Report on Ambae (Vanuatu) — 4 April-10 April 2018
Smithsonian / US Geological Survey Weekly Volcanic Activity Report,
4 April-10 April 2018
Managing Editor: Sally Kuhn Sennert
Please cite this report as:
Global Volcanism Program, 2018. Report on Ambae (Vanuatu). In: Sennert, S K (ed.), Weekly Volcanic Activity Report, 4 April-10 April 2018. Smithsonian Institution and US Geological Survey.
15.389°S, 167.835°E; summit elev. 1496 m
All times are local (unless otherwise noted)
Vanuatu Geohazards Observatory (VGO) reported sustained ash and/or gas emissions from Ambae’s Lake Voui during March through 4 April. Satellite data showed a significant sulfur dioxide gas emission (~0.15 Tg SO2) beginning in the very early hours of 6 April, indicating that the SO2 emission was the largest since Calbuco in April 2015. No significant high-altitude ash plume accompanied the emission, though the eruption generated lightning detected by the WWLLN (World Wide Lightning Location Network). Pictures of local areas posted on social media showed the continuing and significant ashfall on the island. Within a few days, by 8 April, the sulfur dioxide plume had spread across an area from the E coast of Australia to Tahiti, a distance of about 6,000 km. The Alert Level remained at 3 (on a scale of 0-5).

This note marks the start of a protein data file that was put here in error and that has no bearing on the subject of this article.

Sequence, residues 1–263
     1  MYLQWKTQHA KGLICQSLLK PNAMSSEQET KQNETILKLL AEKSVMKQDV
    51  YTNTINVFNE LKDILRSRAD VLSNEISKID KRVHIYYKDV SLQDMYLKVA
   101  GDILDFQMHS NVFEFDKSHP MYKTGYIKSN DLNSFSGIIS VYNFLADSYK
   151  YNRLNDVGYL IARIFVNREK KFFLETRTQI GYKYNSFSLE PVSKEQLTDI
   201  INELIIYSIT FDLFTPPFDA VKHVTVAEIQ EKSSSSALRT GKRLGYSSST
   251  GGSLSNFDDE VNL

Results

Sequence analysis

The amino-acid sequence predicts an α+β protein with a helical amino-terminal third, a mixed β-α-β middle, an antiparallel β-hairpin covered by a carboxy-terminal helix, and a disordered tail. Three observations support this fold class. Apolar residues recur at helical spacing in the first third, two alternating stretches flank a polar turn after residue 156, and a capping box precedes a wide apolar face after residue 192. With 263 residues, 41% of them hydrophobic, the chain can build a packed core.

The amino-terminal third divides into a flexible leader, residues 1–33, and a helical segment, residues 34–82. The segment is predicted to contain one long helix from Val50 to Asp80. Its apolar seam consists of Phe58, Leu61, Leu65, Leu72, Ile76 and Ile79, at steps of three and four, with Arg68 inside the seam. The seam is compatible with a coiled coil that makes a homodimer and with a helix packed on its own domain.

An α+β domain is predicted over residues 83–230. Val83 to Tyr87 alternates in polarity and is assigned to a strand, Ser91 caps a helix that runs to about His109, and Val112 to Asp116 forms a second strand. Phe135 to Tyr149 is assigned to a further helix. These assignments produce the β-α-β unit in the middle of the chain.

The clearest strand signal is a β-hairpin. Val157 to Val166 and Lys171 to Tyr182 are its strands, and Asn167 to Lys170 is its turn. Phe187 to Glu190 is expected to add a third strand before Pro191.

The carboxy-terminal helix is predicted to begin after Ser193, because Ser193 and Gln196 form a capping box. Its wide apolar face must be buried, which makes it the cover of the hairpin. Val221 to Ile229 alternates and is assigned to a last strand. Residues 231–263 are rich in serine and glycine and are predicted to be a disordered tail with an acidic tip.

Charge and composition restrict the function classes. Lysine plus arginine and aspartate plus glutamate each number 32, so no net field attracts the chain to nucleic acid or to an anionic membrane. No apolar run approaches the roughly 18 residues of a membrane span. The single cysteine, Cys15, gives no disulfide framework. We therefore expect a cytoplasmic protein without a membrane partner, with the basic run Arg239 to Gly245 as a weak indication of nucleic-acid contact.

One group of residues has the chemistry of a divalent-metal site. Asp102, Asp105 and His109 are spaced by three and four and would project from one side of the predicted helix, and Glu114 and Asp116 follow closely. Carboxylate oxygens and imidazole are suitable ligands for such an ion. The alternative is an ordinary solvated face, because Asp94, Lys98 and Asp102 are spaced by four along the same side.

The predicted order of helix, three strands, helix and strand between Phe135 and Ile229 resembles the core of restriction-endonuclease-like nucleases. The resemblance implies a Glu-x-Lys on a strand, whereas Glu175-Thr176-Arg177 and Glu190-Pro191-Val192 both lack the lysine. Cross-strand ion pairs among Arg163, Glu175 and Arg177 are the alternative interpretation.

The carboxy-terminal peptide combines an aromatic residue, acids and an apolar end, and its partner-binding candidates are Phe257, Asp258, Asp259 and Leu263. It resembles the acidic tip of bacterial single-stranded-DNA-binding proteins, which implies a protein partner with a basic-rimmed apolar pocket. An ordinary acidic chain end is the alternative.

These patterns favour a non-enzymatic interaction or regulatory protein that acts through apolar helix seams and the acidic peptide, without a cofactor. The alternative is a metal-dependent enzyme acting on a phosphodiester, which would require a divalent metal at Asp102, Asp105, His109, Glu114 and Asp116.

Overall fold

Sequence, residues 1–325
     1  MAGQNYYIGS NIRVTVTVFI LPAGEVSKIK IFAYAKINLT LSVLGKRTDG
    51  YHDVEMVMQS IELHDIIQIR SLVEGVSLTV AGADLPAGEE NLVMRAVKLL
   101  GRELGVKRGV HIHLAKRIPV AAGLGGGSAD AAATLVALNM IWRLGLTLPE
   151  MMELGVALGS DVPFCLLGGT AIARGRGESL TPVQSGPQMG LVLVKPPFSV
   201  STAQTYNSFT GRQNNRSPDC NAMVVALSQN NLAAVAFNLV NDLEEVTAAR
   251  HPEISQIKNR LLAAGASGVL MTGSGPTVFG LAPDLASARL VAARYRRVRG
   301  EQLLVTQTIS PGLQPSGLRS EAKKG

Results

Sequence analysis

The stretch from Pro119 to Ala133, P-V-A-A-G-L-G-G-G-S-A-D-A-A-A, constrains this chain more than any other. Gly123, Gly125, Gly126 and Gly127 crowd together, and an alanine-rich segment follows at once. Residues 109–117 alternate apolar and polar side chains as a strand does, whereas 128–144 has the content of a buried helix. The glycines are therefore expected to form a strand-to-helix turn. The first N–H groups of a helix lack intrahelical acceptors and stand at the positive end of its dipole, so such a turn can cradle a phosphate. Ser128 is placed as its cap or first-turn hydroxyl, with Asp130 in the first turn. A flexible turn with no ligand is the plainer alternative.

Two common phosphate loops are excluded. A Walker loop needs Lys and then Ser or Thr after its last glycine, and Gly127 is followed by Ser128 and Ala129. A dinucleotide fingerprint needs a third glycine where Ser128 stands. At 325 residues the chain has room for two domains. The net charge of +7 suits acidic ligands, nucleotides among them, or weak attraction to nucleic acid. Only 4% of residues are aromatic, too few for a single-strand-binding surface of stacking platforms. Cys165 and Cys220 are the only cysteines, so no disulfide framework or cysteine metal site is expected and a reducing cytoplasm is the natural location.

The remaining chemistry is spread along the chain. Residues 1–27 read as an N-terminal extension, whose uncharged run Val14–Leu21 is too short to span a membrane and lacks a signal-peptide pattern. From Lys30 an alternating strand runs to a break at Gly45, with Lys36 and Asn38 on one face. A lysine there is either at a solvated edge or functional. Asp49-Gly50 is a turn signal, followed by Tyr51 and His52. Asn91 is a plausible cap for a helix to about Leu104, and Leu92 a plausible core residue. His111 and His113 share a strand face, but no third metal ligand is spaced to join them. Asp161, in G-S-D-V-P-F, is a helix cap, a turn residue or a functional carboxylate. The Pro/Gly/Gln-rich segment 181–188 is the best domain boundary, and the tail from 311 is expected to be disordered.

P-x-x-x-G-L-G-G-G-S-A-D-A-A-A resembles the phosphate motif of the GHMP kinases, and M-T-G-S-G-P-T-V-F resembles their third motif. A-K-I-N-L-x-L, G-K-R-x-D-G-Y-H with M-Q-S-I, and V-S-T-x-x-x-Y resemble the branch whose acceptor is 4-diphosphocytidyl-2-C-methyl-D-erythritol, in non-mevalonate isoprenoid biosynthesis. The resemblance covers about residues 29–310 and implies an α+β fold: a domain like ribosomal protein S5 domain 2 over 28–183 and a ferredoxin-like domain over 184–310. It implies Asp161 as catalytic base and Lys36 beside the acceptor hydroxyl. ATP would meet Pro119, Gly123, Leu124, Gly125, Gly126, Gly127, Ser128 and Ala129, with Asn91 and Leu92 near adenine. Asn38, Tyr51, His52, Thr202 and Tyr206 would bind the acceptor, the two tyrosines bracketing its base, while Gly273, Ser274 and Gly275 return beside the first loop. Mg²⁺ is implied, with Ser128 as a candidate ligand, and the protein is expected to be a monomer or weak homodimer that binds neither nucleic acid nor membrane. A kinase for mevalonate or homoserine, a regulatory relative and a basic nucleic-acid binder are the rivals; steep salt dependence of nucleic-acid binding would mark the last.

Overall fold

Geological Summary. The island of Ambae, also known as Aoba, is a massive 2,500 km3 basaltic shield that is the most voluminous volcano of the New Hebrides archipelago. A pronounced NE-SW-trending rift zone dotted with scoria cones gives the 16 x 38 km island an elongated form. A broad pyroclastic cone containing three crater lakes (Manaro Ngoru, Voui, and Manaro Lakua) is located at the summit within the youngest of at least two nested calderas, the largest of which is 6 km in diameter. That large central edifice is also called Manaro Voui or Lombenben volcano. Post-caldera explosive eruptions formed the summit craters about 360 years ago. A tuff cone was constructed within Lake Voui (or Vui) about 60 years later. The latest known flank eruption, about 300 years ago, destroyed the population of the Nduindui area near the western coast.
Sources: Vanuatu Meteorology and Geo-Hazards Department (VMGD), Simon Carn, Rocky Planet